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RhymeZone Newsletter, Issue 1:  July 4, 2000

  "The Second Day of July 1776 will be the most memorable Epocha, in the
  History of America. . . . It ought to be solemnized with Pomp and
  Parade, with Shews, Games, Sports, Guns, Bells, Bonfires, and
  Illuminations from one End of this Continent to the other from this
  Time forward forever more."

  -- John Adams to Abigail Adams, July 3, 1776

Okay, so you're probably wondering why we don't celebrate the Second of July. That's because, lacking the Internet, they needed a couple days to get their papers in order and get the darn thing signed and printed!


  • 1. Read the document that started it all!
  • 2. RhymeZone now available on Lycos
  • 3. RhymeZone meets the bard
  • 4. Adding words


    (Go to http://www.rhymezone.com and click on the Declaration of Independence)

    At RhymeZone, we can't offer our American users pomp or parade. Nor can we offer "shews", games, sports, guns, bells, or bonfires. However, to kick off our new "Great Words in Context" feature, we'd like to offer you the chance to read the document that started the United States as we know it. You will also find the Constitution there, too, for good measure.

    By the way, what's a shew? Try looking for synonyms on RhymeZone:


    You'll see "show" amongst the possible synonyms, which is what John Adams would have said, had he been born less pretentious and two hundred years later. (Though if he had been born two hundred years later, I, for one, wouldn't be here to make fun of him!) If you want confirmation that shew means show, you might then click on the "Definition" link in the purple box at the bottom of the page, and it will whisk you away to a definition.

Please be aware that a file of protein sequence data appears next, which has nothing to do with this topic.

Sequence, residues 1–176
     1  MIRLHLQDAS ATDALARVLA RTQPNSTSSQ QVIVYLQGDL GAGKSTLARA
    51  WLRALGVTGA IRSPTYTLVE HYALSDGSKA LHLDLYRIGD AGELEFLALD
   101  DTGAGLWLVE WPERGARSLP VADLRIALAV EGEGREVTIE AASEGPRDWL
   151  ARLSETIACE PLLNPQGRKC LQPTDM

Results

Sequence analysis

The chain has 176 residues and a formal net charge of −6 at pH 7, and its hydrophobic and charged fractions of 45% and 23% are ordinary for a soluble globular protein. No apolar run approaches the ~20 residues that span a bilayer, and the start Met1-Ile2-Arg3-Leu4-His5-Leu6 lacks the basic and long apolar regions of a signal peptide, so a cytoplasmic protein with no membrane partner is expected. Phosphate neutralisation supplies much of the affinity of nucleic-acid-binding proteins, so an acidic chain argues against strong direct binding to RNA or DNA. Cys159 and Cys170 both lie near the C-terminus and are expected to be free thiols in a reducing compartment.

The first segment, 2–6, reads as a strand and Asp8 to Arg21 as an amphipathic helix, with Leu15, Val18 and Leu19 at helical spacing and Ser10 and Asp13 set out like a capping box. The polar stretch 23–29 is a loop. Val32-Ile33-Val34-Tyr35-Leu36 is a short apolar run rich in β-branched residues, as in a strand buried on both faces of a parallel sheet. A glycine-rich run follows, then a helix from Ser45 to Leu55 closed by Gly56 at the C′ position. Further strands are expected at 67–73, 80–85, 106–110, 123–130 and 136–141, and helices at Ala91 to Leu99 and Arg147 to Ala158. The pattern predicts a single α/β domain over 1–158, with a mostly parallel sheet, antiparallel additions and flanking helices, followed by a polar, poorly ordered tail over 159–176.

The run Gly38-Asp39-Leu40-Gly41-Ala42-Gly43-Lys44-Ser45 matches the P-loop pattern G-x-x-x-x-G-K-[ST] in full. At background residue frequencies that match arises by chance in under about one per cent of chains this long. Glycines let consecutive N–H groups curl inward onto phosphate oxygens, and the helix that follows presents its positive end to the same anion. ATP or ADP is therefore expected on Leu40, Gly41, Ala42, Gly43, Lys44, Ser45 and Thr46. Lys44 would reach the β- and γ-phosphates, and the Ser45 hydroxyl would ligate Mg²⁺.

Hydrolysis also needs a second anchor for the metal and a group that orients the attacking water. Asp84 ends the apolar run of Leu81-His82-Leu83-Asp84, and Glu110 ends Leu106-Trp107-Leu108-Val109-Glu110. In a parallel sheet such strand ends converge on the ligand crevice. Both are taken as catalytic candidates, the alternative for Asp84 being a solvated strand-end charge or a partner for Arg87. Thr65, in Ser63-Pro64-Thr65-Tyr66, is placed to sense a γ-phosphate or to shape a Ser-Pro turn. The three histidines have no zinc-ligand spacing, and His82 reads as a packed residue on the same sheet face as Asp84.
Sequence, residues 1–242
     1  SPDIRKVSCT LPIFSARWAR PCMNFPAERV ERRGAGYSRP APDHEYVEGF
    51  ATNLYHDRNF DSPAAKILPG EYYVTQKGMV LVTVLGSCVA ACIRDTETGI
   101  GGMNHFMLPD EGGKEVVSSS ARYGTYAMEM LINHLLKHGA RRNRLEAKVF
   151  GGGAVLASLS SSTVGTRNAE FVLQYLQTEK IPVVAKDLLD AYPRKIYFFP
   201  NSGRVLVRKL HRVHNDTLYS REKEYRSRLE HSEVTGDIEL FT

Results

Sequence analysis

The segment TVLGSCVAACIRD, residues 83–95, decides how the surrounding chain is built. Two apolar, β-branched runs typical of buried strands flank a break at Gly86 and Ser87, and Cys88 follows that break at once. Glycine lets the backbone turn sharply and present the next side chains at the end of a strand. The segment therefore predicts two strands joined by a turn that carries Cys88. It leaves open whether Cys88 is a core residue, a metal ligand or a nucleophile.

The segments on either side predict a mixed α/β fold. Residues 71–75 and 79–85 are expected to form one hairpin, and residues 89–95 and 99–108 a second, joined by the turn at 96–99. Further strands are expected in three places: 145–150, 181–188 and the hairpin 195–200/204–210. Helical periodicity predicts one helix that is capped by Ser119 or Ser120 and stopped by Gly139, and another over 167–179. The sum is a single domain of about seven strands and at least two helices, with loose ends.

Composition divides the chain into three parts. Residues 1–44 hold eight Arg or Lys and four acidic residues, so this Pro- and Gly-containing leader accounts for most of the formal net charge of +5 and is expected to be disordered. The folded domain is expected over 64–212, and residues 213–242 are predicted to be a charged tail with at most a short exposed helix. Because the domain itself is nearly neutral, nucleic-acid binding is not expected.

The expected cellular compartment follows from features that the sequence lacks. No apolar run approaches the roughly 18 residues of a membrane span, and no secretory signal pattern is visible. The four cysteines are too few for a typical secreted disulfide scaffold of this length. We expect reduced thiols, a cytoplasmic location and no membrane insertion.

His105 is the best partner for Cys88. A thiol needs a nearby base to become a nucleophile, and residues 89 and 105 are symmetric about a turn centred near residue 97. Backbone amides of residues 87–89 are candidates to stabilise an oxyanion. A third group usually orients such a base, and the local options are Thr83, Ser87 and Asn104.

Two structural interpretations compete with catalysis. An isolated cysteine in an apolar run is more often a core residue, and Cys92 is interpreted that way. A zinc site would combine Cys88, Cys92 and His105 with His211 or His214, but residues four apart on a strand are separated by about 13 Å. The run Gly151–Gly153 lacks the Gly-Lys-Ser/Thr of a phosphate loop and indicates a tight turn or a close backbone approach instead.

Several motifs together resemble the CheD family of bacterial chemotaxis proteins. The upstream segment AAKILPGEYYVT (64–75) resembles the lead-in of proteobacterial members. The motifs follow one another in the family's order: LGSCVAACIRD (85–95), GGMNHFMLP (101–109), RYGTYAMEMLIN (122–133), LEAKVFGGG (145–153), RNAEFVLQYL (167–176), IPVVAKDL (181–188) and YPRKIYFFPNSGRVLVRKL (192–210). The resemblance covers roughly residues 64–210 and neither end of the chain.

(More info at http://www.datamuse.com/pr/dm-pr1-20000607.html)

    Lycos, the Internet media network, has selected RhymeZone as a partner for its "Lycos Zone" kids site at http://www.lycoszone.com. It looks and functions almost identically to the RhymeZone you've come to know over the last few months.


    (Go to http://www.rhymezone.com/shakespeare/)

    Now you can see Shakespeare's take on every word you enter into RhymeZone! Just enter a word as you normally would into RhymeZone and atop the results you will see a link to Shakespeare works containing that word. (That is, if your word can be found within Shakespeare! It won't work for, say, "modem".)

    You can also browse and read all of his works online and search for words within any poem, play, or category.

    Did you know that Shakespeare mentioned "America" in his plays exactly once? Long before the United States came to be, of course. But if you don't like America for some reason, you might find the play that it appeared in amusing.


    Suppose you're John Adams and you insist that "epocha" is a word, despite that it's not used by anyone else on the planet. Remember that you can add words to RhymeZone if you don't find what you're looking for. Just click on the "Add a word" link that appears at the top right of every RhymeZone page. However, remember that we can only accept words that you'd want your children to see. We get a lot of submissions and work hard to ensure that the valid ones appear in the dictionary eventually, so be patient!

    Happy word finding, and if you're in the U.S., enjoy whatever fireworks "shews" you might attend today!

    - Your friends at RhymeZone (support@rhymezone.com)

    (Click to
    go back to RhymeZone or go to the help page.)